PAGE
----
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Bible Commentaries

F.B. Meyer's 'Through the Bible' Commentary

1 Kings 20

 

 

Verses 1-15

BOASTING BEFORE THE BATTLE

1 Kings 20:1-15

Ben-hadad’s insolent demand indicated how low Israel had sunk. The worship of Jezebel’s gods had wrought moral degeneracy. Let us never forget this lesson. When national religion fades and our churches are deserted; when the Bible loses place in education, and family prayer fades out of the home, dry-rot and decay eat away the strength of the national heart.

Ahab’s answer was better than might have been expected from such a man, but it would have amounted to little beyond a stalwart boast if there had not been other influences at work on the behalf of the chosen race. It may be that at this crisis, ceaseless prayer was being offered in the schools of the prophets. Elijah, certainly, was not silent, but on mountain heights or by the Cherith brook, was no doubt pouring out his mighty soul. The advent of this prophet, 1 Kings 20:13, unasked, was a harbinger of good. Notice how God’s loving-kindness follows us into a far country. See Ezekiel 36:32. He does not forget, but woos us back. His tools of help, however, are not what we should expect, but ever the weakest and least likely, that no flesh should glory, 1 Corinthians 1:27.


Verses 1-43

A PROSPEROUS NATION

1 Kings 4:1-7; 1 Kings 20:1-43; 1 Kings 21:1-29; 1 Kings 22:1-53

What a picture is here given of national contentment and prosperity! We can almost hear the gladsome voice of the myriad-peopled land, teeming with young life and laden with golden harvests. It was the summer of their national existence. The sacred scribe enumerates first the high officials of the court, then the daily provision of the king, his studies, and his fame. Abundant proof was yielded by all these circumstances to the manner in which God kept the pledges which had been made to David, his father.

Here is Solomon “in all his glory,” but as we turn from him to the lowly Carpenter of Nazareth, who had nowhere to lay His head; who found His friends among the poor; and who ultimately laid down His life a ransom for many, we realize that, even apart from His divine nature, His was the nobler ideal and the richer existence. “A greater than Solomon is here.” Who can measure His empire or resources? What tongue can recount His wisdom? Happy and safe are they that sit at His table, hear His words, and are joint-heirs with Him in His Kingdom! Romans 8:17.


Verses 16-30

THE GOD BOTH OF HILLS AND VALLEYS

1 Kings 20:16-30

What is God to us? Is He only the God of the hills? We expect religion to serve us when we come to the great summits of experience. There are times of rapture and of vision when we seem naturally to stand with God on the holy mountains. We have our Moriah, our Pisgah, our Tabor, our Hermon. But is that all?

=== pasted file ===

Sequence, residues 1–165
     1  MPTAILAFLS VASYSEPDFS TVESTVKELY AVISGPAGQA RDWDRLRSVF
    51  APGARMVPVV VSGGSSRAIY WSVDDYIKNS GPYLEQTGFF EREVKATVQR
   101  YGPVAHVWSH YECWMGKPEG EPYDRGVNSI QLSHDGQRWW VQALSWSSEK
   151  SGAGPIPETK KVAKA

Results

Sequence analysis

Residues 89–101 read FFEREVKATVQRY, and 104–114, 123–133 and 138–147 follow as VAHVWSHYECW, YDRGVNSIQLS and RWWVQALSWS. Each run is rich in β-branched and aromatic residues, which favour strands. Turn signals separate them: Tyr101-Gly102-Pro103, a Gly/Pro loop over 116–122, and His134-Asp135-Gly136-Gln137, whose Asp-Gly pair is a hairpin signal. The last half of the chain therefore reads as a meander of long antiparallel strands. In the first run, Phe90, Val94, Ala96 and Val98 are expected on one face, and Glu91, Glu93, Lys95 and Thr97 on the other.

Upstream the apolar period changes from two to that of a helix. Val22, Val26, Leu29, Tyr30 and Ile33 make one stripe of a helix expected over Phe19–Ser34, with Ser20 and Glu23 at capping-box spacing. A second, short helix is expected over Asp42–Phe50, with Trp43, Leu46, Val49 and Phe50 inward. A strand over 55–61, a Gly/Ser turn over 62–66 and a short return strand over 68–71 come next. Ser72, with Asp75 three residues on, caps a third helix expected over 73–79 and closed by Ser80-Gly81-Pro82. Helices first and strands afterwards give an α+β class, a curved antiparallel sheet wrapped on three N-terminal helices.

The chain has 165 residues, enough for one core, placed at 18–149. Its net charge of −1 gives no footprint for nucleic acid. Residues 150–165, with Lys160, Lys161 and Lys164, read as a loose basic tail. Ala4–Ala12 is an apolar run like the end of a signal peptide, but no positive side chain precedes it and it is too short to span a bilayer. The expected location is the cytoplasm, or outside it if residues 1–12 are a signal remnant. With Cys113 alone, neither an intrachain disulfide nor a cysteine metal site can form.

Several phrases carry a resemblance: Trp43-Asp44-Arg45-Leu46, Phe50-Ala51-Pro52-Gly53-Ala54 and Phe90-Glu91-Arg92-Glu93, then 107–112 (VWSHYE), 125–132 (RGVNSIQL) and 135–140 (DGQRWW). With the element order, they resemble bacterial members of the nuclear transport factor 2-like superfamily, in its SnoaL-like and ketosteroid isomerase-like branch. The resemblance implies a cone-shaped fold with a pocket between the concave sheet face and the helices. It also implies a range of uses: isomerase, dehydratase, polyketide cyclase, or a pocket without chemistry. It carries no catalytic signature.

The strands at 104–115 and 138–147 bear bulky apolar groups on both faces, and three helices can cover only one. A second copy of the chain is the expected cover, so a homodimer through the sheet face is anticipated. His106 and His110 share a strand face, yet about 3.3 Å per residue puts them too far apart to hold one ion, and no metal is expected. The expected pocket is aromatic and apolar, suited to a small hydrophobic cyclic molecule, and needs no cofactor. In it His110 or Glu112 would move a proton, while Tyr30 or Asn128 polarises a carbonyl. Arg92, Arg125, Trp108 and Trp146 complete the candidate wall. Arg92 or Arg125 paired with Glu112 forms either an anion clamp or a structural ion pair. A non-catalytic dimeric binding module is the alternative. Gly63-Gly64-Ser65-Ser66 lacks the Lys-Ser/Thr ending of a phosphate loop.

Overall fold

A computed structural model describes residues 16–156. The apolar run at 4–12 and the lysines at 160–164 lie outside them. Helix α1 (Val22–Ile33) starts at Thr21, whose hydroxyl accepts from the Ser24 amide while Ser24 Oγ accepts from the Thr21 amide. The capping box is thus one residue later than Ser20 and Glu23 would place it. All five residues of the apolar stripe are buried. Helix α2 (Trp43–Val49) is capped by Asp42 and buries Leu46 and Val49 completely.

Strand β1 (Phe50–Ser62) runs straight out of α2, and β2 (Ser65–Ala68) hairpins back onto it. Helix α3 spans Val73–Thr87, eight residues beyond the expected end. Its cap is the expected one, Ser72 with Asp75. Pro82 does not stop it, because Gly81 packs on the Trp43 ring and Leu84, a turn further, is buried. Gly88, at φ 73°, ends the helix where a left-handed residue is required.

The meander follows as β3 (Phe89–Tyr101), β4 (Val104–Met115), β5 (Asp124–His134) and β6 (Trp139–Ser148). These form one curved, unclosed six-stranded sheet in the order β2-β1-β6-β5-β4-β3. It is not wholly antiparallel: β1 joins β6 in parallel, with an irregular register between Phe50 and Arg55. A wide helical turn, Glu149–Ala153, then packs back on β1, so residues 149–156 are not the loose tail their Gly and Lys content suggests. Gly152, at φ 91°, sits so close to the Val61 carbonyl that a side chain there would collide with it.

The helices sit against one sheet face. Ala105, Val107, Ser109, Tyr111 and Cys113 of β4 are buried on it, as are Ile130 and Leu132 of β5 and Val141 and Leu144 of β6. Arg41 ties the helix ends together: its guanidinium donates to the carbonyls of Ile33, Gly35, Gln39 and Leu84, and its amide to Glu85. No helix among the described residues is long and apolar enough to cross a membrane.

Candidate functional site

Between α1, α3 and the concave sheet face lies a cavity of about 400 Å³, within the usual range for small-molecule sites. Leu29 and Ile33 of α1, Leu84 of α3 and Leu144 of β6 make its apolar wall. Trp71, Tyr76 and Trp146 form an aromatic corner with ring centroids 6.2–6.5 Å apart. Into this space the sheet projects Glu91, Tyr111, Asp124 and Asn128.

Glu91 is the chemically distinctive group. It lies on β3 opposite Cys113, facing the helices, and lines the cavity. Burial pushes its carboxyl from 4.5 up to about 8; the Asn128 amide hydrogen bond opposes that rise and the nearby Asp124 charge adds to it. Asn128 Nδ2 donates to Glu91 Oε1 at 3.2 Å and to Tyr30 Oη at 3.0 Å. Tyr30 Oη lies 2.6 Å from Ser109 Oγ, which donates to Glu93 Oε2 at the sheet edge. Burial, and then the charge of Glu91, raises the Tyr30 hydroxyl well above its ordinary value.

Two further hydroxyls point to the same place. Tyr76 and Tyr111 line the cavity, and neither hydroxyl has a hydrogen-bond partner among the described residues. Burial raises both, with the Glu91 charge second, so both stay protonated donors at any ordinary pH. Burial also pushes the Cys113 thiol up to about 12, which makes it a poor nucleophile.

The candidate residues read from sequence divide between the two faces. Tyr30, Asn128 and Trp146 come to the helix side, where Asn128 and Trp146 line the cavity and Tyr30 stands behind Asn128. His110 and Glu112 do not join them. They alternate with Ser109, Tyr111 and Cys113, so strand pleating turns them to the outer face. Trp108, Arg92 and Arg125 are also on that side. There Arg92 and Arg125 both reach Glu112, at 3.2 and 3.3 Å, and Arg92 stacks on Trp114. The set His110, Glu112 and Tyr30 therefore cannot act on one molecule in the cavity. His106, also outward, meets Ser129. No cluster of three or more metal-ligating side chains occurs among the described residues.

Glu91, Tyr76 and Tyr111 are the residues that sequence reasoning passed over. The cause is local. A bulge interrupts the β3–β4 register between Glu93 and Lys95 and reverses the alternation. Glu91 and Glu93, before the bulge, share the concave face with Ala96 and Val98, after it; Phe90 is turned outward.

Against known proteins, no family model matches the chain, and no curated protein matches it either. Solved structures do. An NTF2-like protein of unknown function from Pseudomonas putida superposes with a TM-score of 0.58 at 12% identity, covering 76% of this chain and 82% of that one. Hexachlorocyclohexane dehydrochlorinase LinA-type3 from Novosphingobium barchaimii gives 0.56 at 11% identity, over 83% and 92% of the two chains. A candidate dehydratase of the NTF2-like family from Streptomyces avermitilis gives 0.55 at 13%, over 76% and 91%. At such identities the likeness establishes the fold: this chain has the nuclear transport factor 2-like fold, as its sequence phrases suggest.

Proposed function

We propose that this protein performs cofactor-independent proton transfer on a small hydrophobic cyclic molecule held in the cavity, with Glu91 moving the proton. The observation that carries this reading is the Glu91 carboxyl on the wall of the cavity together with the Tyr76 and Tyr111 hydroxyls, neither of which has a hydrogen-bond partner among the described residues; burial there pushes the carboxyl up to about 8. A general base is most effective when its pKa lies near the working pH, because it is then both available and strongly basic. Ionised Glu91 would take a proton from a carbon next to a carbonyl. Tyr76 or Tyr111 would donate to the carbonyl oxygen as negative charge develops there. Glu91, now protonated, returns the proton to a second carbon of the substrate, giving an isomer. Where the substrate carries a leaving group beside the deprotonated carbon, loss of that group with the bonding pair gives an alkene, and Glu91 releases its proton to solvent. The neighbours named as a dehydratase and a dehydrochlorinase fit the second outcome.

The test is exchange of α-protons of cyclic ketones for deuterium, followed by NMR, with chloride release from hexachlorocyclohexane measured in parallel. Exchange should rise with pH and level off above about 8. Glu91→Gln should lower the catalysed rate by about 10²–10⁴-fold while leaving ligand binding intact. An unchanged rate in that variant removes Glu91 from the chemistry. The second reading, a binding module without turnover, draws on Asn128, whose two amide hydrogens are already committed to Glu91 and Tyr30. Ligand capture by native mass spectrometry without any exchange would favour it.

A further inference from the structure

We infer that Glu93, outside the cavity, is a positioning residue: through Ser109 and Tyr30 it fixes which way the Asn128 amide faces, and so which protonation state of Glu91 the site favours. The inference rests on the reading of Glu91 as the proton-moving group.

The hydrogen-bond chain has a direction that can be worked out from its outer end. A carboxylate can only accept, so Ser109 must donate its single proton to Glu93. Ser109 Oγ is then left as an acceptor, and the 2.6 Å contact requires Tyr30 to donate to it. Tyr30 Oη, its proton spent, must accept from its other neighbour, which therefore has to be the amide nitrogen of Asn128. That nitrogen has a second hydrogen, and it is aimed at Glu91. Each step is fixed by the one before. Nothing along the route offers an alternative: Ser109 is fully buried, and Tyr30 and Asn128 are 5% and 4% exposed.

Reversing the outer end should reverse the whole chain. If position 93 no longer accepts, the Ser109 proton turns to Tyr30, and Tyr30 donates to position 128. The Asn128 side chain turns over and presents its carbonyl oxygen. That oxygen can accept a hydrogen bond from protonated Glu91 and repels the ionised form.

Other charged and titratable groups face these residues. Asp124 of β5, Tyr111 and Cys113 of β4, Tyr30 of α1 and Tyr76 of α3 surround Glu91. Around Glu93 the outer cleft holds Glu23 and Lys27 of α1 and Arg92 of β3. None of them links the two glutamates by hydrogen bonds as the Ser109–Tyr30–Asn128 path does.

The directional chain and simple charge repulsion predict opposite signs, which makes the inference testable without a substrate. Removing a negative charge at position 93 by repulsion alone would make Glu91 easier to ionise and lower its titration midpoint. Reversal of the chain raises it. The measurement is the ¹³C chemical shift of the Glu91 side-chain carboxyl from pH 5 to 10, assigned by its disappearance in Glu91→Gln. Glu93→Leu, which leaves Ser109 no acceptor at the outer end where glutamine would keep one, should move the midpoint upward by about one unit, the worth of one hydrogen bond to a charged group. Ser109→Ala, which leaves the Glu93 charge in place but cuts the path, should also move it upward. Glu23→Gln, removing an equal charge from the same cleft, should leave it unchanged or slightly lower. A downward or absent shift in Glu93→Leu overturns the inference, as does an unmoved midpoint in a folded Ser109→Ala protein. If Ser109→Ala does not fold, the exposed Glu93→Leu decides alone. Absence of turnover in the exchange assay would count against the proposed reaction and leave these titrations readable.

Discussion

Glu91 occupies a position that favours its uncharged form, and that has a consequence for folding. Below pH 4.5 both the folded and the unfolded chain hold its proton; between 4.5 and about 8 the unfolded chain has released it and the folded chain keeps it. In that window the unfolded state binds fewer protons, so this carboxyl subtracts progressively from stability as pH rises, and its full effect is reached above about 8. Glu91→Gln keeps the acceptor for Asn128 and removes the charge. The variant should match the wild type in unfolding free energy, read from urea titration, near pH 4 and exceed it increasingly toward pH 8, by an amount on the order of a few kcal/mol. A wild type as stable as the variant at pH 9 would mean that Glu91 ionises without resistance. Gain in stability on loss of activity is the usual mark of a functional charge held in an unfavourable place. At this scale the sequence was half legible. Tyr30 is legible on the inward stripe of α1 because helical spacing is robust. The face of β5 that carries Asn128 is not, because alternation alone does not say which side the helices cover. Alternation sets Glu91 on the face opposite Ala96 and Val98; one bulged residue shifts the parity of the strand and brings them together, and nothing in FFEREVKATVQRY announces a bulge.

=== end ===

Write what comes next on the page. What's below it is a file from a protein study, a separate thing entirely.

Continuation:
No! God is with us in the valleys. When we descend into the valley of weeping, Psalms 84:6, r.v., the valley of the shadow of death, the valley of obscurity and loneliness, the valley of conflict, we can say with the psalmist, “Thou art with me,” Psalms 23:4. Most of us, perhaps, spend the larger part of life in the valleys, walking among commonplace duties. Let us see to it that in these shadowed days we walk in close companionship with the Divine Friend; that, when the path ascends and the mountain-breeze is on our faces and the view widens, we may stand with God on our high places as with hinds’ feet. See Habakkuk 3:19.


Verses 31-43

LOSING THE MAN GOD PUT INTO HIS HAND

1 Kings 20:31-43

Ahab’s easy good-nature was criminal, and indicated the evil that was enervating and cankering his heart. Whatever may have been his private feelings and sympathy, it is plain that these had no right to control his action as king when national interests were at stake. The judge may be subject to tender compassion toward those on whom his office requires him to pass sentence, but he should be governed by consideration of the good of all. This unwise clemency on the part of Ahab resulted, in after-days, in Israel’s suffering at the hand of Syria.

“Busy here and there!” It is true of us all. We are so occupied that we have hardly time to think. We do not realize the opportunities which are placed in our hands, and which, if not made immediate use of, depart never to return. The bald head of departing opportunity, said the Greeks, has not even one lock of hair by which we can catch it and drag it back. Let us be diligent in the King’s business, remembering that to Him we must render an account.

 


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Bibliography Information
Meyer, Frederick Brotherton. "Commentary on 1 Kings 20:4". "F. B. Meyer's 'Through the Bible' Commentary". http://odl.studylight.org/commentaries/fbm/1-kings-20.html. 1914.

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